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### #ActualAllEightUp

Posted 23 April 2013 - 12:35 AM

Tell the truth, I'd be hard pressed to say what is and what is not fuzzy logic according to a true definition.  What I mean is that if you have five options and they are weighted, normalize them to be 0-1 portions of a continuous range and randomly select one.  I suppose the argument could be that true fuzzy logic has a better distribution, or more proper math basis etc, blah, screw it, the easy way always seemed to work quite well so why get overly complicated?  More important than some technical term for how you choose things is quite simple: is it fun?  Fuzzy logic has a place I'm sure, but the full blown 'technically correct' version seems like a lot of work for something which can be done pretty closely using greatly simplified methods.

Take the mentioned game from the article: The Sims.  If you have the original 1 version, install it and make a house with four of everything.  The Sim always does the most appropriate actions.  The selection of actions was just randomly selecting from the top four actions which will positively impact the motivations.  If the sim needs to go to the bathroom and there are four toilets, they will always use one when that it the highest motivation.  Without 4 items, they may go watch TV instead and end up peeing on the floor as a result.  It's simple 1 in 4 chance that they do the correct thing in the original implementation.  Of course, very few folks realized how simple the AI was because the emergent behavior was often so entertaining, sometimes smart, sometimes like watching a slow motion train wreck...

### #1AllEightUp

Posted 23 April 2013 - 12:32 AM

Tell the truth, I'd be hard pressed to say what is and what is not fuzzy logic according to a true definition.  What I mean is that if you have five options and they are weighted, normalize them to be 0-1 portions of a continuous range and randomly select one.  I suppose the argument could be that true fuzzy logic has a better distribution, or more proper math basis etc, blah, screw it, the easy way always seemed to work quite well so why get overly complicated?  More important than some technical term for how you choose things is quite simple: is it fun?  Fuzzy logic has a place I'm sure, but the full blown 'technically correct' version seems like a lot of work for something which can be done pretty closely using greatly simplified methods.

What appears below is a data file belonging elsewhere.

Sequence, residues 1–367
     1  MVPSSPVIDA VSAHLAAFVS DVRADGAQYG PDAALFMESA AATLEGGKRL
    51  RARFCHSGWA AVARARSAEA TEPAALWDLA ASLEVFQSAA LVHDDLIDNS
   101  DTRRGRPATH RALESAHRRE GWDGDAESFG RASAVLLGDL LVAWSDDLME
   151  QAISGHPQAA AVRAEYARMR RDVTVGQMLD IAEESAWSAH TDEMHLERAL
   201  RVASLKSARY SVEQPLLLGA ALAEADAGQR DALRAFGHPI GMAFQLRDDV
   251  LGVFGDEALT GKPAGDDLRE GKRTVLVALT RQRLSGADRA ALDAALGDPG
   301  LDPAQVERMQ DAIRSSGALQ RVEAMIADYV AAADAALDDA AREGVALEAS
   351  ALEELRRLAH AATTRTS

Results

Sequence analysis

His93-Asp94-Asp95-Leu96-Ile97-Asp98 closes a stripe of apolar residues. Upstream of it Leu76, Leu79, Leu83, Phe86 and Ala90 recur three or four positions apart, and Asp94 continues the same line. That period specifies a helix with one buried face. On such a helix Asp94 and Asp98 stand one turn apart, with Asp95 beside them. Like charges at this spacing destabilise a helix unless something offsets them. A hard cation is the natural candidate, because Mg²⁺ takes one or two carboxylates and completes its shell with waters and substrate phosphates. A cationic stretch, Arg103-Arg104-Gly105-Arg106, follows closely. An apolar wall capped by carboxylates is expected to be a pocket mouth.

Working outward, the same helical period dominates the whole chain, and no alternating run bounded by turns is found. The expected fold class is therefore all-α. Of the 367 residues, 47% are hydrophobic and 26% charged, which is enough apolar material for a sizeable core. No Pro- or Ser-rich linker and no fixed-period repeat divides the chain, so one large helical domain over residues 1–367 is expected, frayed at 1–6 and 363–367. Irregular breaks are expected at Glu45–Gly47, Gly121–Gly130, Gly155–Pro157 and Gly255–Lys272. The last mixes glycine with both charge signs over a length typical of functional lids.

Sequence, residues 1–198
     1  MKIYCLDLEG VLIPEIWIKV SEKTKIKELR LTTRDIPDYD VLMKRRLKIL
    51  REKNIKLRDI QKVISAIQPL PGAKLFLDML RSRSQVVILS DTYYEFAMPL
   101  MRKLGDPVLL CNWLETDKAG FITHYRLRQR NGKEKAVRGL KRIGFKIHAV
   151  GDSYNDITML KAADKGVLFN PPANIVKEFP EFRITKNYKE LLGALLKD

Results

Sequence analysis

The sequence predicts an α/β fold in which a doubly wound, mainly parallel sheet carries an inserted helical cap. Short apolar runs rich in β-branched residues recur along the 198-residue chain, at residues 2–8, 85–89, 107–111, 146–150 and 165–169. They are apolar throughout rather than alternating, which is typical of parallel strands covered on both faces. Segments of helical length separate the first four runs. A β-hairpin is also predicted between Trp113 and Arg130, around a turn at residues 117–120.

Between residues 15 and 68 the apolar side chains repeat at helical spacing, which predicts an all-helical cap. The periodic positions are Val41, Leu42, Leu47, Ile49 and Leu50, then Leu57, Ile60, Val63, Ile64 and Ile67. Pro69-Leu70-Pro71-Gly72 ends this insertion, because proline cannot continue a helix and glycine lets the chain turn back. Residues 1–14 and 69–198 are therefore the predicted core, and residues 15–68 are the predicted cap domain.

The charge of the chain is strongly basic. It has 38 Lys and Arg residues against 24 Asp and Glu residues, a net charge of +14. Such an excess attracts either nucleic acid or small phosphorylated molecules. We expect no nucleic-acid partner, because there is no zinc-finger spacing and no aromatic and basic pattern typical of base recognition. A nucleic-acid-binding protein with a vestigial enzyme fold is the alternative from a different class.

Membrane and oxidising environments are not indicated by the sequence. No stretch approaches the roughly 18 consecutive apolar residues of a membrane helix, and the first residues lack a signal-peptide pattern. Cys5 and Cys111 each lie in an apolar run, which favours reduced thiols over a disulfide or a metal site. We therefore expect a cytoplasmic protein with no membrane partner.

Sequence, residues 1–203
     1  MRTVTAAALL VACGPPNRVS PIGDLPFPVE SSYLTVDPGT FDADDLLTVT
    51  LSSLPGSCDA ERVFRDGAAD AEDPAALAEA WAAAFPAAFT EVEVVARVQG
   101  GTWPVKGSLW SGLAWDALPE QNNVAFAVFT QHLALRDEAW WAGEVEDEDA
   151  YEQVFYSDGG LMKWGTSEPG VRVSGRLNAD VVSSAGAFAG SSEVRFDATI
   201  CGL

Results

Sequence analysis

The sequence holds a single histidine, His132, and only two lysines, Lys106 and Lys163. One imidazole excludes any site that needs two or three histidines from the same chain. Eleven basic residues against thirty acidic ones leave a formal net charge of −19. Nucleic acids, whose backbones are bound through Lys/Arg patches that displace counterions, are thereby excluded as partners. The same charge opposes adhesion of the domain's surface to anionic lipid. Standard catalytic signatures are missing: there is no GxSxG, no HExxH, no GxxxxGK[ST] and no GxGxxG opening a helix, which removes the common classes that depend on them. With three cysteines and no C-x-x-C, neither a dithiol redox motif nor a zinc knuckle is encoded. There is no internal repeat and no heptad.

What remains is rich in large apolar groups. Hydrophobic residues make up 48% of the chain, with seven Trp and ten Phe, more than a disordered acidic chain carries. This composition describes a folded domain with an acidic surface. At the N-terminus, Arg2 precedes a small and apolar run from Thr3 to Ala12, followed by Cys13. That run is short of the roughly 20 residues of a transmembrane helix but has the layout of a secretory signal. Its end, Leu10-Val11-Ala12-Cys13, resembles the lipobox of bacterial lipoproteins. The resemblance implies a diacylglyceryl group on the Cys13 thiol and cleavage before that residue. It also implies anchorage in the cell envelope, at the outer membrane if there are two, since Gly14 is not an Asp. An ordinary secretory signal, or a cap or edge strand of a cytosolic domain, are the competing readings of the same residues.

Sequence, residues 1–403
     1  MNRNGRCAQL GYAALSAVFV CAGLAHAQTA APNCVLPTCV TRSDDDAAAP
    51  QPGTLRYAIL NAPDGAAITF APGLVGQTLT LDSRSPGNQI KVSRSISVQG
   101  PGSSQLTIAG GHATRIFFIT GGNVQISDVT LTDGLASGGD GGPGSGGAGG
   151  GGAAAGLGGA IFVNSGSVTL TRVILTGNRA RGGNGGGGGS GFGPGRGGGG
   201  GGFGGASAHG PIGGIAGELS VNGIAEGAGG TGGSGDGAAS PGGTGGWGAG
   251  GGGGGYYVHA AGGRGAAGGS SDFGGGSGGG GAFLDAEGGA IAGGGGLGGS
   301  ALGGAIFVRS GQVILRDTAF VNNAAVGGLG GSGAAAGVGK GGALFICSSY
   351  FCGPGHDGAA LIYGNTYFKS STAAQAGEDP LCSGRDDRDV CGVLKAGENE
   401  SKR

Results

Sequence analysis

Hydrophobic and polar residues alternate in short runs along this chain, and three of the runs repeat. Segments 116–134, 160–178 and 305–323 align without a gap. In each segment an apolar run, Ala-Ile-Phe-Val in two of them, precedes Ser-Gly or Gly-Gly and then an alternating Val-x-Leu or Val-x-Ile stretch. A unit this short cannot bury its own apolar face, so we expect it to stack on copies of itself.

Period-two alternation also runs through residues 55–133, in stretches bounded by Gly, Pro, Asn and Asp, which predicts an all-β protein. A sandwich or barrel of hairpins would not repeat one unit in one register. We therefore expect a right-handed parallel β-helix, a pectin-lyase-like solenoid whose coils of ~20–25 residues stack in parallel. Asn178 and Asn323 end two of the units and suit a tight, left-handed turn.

Take the mentioned game from the article: The Sims.  If you have the original 1 version, install it and make a house with four of everything.  The Sim always does the most appropriate actions because the selection of actions was just randomly selecting from the top four actions which will positively impact the motivations.  If the sim needs to go to the bathroom and there are four toilets, they will always use one when that it the highest motivation.  Without 4 items, they may go watch TV instead and end up peeing on the floor as a result.  It's simple 1 in 4 chance that they do the correct thing in the original implementation.  Of course, very few folks realized how simple the AI was because the emergent behavior was often so entertaining, sometimes smart, sometimes like watching a slow motion train wreck...

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